It’s audition time and you’re looking for the perfect monologue. These 15 powerful female monologues for auditions are a great place to start the journey. They include a couple hidden theater gems as well as several famous female monologues, good for either Broadway or the local playhouse.
These monologues from plays all feature three-dimensional females with space for an actress to show off her character talent. Of course, there are a couple of intense dramatic monologues from Shakespeare. The power-hungry Lady Macbeth will not be ignored. There are also several of the most popular American plays in the history of stage represented on this list of female monologues. Cat on a Hot Tin Roof, Our Town, and A Streetcar Named Desire all contain some of the best female monologues ever.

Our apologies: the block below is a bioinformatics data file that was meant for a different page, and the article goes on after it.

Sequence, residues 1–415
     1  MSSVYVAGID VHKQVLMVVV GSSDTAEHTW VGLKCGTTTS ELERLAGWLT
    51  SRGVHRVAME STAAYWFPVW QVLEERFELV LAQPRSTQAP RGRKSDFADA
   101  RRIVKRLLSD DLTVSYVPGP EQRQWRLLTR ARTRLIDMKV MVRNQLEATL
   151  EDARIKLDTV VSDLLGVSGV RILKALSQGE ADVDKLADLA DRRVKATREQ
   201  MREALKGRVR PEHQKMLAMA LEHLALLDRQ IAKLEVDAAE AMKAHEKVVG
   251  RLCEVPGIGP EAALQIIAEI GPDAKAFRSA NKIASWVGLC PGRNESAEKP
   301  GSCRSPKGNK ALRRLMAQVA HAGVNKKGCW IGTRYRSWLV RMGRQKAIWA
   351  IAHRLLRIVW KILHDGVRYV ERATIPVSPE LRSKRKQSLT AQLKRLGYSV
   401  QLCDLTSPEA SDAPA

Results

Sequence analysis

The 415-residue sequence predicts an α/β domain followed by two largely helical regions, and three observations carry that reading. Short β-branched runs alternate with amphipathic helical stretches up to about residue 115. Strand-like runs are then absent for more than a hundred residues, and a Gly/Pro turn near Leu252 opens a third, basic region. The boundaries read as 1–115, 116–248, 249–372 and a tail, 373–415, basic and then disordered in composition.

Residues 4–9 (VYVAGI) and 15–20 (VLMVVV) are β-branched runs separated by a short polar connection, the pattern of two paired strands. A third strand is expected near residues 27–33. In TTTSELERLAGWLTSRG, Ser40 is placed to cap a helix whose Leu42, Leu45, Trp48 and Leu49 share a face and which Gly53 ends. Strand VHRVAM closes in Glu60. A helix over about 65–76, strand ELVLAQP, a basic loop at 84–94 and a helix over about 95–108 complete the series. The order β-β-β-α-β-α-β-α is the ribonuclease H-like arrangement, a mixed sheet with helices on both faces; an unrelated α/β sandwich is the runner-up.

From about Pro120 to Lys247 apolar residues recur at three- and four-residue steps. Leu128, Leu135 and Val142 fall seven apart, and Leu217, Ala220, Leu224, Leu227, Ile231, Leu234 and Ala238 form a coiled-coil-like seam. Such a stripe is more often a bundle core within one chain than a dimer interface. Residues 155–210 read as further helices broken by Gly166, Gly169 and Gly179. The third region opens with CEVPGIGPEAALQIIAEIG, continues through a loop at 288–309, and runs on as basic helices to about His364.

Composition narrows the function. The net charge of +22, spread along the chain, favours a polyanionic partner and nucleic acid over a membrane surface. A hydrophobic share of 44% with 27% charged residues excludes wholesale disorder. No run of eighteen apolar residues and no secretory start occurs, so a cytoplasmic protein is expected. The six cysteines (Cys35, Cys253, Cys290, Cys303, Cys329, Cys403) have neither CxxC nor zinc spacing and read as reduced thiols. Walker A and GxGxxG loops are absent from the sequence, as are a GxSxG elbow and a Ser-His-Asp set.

Which female stage monologues do you think would impress a theater director the most? Let Tennessee Williams, Thorton Wilder, and Oscar Wilde help you to land the stage role of your dreams.
Our Town - Emily Webb
I can't bear it. They're so young and beautiful. Why did they ever have to get old? Mama, I'm here. I'm grown up. I love you all, everything. - I cant look at everything hard enough. (pause, talking to her mother who does not hear her. She speaks with mounting urgency) Oh, Mama, just look at me one minute as though you really saw me. Mama, fourteen years have gone by. I'm dead. You're a grandmother, Mama. I married George Gibbs, Mama. Wally's dead, too. Mama, his appendix burst on a camping trip to North Conway.